Boriana Mine - Mohave County
Where: Hualapai Mountains East of Yucca, Arizona
Travel Conditions: 2WD High Clearance Vehicle
Operation Dates: 1915 - 1980
Description: The deposit was known prior to 1908 and produced comparatively little and was purchased by Harvey Klotsch and his son of Kingman. The mine was operated as the Yucca Tungsten Mine with production increasing when the price on tungsten rose to $125 per ton to support World War I. The time between 1915 and 1919 marked one of the primary production periods of the mine and in 1918 it was one of Arizona's leading tungsten producers. Also, during 1933-1937 it was the leading producer in Arizona and probably the second largest producer in the USA. Also operated 1951-1957 and 1979-1980.
During 1933 to 1937 the mine was operated as the Boriana Mining and Milling Company under the ownership of the Sievers family. The mining camp began to grow into a community and a baseball team was organized. They went on to play against other teams in the area including Oatman and Kingman.
By 1937, the Molybdenum Corporation of America began operating the mine and mill under a lease and bond arrangement. Shortly of the start of operation under MCA, the mill was consumed by a fire and had to be rebuilt. Work continued on the ore body in the mine while the new mill was being built and started production in 1939. The operation was managed by H.L. Vetech who made advancements in the mill operations which caught the attention of Mining World and an 8-page article was published. The advancement of greatest interest was the mills agitation flotation equipment. These were called Vetech cells which required minimal power had low maintenance costs and did not clog upon shutting down.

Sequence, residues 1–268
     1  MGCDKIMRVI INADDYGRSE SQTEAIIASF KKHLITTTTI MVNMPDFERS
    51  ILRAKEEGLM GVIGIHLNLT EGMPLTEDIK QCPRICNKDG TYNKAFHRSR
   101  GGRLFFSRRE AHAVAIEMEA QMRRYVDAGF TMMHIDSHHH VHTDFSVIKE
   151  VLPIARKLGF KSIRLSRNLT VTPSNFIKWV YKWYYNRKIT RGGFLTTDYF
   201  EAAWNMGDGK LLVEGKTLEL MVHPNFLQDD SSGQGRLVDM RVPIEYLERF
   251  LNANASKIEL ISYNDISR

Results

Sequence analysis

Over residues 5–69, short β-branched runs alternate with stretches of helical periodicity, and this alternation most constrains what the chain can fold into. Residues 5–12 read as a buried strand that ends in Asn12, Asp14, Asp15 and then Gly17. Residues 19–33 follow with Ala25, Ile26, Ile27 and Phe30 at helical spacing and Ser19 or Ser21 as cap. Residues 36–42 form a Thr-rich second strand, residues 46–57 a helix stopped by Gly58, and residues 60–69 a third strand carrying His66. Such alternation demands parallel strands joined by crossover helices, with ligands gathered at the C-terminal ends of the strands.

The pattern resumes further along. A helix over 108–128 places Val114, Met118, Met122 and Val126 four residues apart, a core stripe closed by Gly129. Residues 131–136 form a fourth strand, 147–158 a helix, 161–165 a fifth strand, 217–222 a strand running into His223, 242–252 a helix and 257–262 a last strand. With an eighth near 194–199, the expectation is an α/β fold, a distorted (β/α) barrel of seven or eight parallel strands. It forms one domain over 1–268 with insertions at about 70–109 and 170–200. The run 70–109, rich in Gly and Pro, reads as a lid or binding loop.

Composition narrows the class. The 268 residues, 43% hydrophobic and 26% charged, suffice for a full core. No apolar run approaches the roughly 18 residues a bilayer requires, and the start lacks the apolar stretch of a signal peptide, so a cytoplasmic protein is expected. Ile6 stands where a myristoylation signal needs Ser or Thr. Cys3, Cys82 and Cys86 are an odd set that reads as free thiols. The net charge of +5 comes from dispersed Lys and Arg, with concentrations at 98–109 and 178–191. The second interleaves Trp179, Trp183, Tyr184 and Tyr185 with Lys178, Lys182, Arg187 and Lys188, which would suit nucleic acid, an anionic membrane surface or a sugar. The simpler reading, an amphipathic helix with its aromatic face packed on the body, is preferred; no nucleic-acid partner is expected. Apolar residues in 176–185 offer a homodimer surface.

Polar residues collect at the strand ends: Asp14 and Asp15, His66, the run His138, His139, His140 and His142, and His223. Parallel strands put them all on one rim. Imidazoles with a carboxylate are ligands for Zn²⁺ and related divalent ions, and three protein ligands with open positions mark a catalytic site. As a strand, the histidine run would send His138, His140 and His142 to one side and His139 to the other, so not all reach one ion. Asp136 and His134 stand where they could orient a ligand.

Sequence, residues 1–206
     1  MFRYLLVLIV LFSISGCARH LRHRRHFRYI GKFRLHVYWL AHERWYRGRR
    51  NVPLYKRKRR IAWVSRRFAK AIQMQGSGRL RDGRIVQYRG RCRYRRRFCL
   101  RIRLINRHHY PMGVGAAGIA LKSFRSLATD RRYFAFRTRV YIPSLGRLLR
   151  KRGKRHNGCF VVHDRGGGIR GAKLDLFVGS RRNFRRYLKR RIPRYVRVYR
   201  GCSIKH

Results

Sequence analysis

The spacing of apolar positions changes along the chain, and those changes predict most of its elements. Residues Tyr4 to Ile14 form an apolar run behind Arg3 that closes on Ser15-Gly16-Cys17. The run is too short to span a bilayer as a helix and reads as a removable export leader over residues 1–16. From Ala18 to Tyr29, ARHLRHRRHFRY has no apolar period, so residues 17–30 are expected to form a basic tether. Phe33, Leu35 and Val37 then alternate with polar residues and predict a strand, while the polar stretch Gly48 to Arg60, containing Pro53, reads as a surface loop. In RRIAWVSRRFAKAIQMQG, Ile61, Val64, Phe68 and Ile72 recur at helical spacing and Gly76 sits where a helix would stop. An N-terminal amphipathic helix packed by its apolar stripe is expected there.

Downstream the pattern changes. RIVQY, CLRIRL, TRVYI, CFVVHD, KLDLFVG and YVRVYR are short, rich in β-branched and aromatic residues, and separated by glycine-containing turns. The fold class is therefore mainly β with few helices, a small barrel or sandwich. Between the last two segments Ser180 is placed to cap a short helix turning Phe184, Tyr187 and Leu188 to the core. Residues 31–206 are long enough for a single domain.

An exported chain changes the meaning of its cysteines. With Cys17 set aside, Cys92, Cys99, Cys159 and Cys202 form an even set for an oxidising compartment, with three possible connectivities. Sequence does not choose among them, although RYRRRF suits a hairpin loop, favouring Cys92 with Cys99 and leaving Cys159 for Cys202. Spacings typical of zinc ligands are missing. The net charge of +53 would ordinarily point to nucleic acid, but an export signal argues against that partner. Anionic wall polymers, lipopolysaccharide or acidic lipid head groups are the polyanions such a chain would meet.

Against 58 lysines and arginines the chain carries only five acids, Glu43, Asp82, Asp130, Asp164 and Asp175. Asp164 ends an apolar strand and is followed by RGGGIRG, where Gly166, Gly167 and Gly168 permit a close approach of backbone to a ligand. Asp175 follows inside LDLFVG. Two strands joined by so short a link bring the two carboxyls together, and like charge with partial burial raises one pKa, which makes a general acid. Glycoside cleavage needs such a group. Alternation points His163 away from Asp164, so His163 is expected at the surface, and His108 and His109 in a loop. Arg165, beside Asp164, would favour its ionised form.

In 1942 H.L. Vetech was no longer working at the mine and the production began to greatly decrease. Production at the 150-ton mill dwindled to about 40 tons per day with the old drifts and winzes begging to succumb to age. The mine began to struggle keeping skilled workers at war time wages leading to greater decline in operations. In January 1943 the mine closed for refurbishment and the owners were actively looking for a buyer. In December of 1944 the mine sold off some equipment and began to dismantle the mill ending the mine being stripped by 1945.
After 1945 some attempts were made at continued operation of the Boriana mine but none lead to a great deal of production. The continued aging of the mine and having to transport ore at great distances due to no mill operations on site took its toll on the mine.
In 1987, Mark Chatman performed the Wabayuma Wilderness Study Investigation and concluded the mine was uneconomical to operate and most workings had succumbed to age, overtaken by water, or the remaining open areas were contaminated with hydrogen sulfide gas. Thus ending the mining history of Boriana, the leading tungsten producing mine in Arizona and second largest in the USA.
Workings had amounted to 1,100 feet deep and included 9 levels plus 3 sub-levels. More than 15,500 feet of drifts. The 5th level was the main haulage adit. The mine produced 98% of 120,413 short ton units of tungsten (WO3), which equals 2,400,000 pounds of tungsten (WO3). The principal ore shoot on the West lode had been mined from surface to the 7th. level by June 15, 1941, with a stope length of 8,700 feet; similarly, on the East lode, an ore shoot with a stope length of 1,000 to 1,100 feet had been mined from above the 3rd. level to the 7th level.
What you will see today: Today you will see old mine structures and concrete foundations used for the mining process. Most of the wooden framing has fallen in on itself and many nails protrude from the old timbers. It is interesting to walk amongst the ruins but caution is required as the wood is old and many nails protrude from the structure. There is a small spring near the mine which feeds into a small pond with gold fish swimming in the clear water. There are a couple wood structures in the area still standing. There are large tailings piles around in the area. From my observation, it appears that all mine openings are covered and filled in with dirt. This is probably for the best due to the declining age and reports of the mines decline. This is a great place to enjoy a walk and discover a part of the Arizona mining history.
Comments: As at all old mining locations be very careful and observant to your surroundings. Many conditions exist amongst the collapsed ruins that could make a day of fun turn out for the worst. As always, be careful, take out what you bring in, and leave the place pristine for other who follow in your footsteps.
Minerals Mined: Tungsten, gold, silver, and copper